Date: 1/22/20 3:24 pm
From: Logan Kahle <logan...>
Subject: [EBB-Sightings] Contra Costa County 1/21 (near-adult) Glaucous Gull, Pacific Loons, Continuing Eurasian Teal, etc
Hi All,

Yesterday (1/21) I spent a fun day bouncing around some of my favorite
Contra Costa spots with C├ędric "Jugglerboy" Duhalde. We worked from
Richmond east to East County, ending at Clifton Court. Waterbird action
in Richmond has picked up significantly with thousands of cormorants
along with loons, gulls etc foraging distantly in the Bay. It looks like
there is some Herring Run action somewhere on the other side of the Bay.

Seeing a terrible (10+ minute?) wait to go the quarter mile west to the
offramp of Point San Pablo, we decided started the morning at
Miller/Knox instead. Our coverage was relatively quick and focused on
waterbirds on the pond and bay. Highlights included:
'Aluetian' Cackling Goose-1 flew into pond
Eurasian Wigeon-3 but surprisingly no females
Lesser Scaup-1
Red-breasted Merganser-20 was a good count for the county
Black-bellied Plover-36 was a good count, presumably reflecting birds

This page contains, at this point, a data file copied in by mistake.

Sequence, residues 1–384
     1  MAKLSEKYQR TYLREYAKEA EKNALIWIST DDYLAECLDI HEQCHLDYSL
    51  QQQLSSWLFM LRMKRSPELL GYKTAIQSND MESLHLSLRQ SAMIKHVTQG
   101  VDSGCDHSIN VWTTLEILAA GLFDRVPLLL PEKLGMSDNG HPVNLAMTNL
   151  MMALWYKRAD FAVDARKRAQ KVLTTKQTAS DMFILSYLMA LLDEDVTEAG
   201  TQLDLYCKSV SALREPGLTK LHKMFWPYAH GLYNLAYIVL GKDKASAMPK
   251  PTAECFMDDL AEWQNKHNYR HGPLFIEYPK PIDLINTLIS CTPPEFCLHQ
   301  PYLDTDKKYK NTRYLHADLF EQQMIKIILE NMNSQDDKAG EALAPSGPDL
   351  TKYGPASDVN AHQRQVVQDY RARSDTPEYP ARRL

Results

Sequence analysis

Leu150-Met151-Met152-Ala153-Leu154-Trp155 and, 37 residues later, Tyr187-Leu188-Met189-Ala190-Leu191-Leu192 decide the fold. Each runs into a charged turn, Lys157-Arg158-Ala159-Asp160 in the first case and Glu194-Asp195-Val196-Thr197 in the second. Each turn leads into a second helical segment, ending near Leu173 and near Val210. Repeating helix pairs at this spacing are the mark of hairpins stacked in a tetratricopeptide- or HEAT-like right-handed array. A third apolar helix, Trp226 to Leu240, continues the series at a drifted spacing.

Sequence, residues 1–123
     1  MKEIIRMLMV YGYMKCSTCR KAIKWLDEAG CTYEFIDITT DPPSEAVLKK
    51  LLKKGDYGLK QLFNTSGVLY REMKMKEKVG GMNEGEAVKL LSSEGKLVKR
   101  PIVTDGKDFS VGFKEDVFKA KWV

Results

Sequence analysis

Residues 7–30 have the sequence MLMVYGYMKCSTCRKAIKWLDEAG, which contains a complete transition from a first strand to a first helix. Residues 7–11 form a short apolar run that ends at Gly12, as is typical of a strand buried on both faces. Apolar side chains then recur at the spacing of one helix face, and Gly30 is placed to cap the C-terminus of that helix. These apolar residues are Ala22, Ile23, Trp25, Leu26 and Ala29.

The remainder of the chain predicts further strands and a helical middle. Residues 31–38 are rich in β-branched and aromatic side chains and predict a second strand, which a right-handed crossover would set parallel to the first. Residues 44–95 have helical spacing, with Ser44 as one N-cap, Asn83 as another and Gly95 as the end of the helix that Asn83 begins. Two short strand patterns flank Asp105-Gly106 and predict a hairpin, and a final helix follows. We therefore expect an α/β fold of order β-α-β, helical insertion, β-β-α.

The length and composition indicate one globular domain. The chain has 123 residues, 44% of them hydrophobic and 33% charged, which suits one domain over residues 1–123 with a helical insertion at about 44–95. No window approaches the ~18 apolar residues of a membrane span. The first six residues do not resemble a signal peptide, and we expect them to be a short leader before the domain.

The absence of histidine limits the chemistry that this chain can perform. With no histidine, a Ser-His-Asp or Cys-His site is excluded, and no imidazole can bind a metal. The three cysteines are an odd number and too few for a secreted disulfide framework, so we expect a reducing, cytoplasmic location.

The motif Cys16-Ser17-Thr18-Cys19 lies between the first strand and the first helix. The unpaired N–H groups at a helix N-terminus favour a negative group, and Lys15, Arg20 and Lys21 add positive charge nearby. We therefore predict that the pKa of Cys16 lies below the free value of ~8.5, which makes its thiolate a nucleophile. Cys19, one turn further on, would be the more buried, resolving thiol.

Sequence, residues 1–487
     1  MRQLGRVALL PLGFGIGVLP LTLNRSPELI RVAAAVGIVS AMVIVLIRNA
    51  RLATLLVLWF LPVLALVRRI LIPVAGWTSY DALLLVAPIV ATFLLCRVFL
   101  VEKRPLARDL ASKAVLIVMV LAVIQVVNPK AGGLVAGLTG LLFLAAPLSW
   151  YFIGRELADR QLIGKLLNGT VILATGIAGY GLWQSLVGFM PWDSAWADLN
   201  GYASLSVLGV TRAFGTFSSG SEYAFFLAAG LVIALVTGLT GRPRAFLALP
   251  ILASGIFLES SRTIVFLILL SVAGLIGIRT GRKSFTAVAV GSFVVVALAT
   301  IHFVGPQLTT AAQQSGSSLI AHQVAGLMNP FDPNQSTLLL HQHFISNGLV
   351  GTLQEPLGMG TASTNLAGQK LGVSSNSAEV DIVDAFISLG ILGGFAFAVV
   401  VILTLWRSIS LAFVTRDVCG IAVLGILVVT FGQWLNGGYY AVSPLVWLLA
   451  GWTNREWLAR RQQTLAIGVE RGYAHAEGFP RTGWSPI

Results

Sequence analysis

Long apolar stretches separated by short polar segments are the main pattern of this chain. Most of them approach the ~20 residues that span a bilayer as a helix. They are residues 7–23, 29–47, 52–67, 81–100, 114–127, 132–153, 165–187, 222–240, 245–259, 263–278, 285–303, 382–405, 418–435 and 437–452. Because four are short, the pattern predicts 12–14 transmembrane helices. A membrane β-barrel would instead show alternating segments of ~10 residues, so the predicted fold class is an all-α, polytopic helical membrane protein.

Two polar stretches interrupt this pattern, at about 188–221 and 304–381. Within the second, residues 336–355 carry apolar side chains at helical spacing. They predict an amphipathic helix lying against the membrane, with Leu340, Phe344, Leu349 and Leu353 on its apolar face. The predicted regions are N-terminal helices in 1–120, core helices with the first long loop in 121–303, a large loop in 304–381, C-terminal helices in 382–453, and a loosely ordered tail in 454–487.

pushed up w the tide
Red-throated Loon-7
PACIFIC LOON-1 was the first in CoCo I've seen in almost two years, and
traditionally quite rare overall
Golden-crowned Kinglet-1 up on the ridge
Brown Creeper-1

Full eBird checklist here: https://ebird.org/checklist/S63652662


Our next spot was Sandpiper Spit. We focused on looking at the jetty and
offshore. Large numbers of birds were roosting on the jetty, presumably
escaping the high tide. Highlights here were:
Brant-5
Black Turnstone-21 was a nice count for the jetty, counted in flight
Sanderling-15
Dunlin-50
Western Sandpipere-700 huge flock on jetty
Red-throated Loon-9
PACIFIC LOON-1 represents the only time I have seen two in the county on
the same day
Double-crested Cormorant-1050

Full eBird checklist here: https://ebird.org/checklist/S63653053


We proceeded to Canal Boulevard for a better view of Brook's. The tide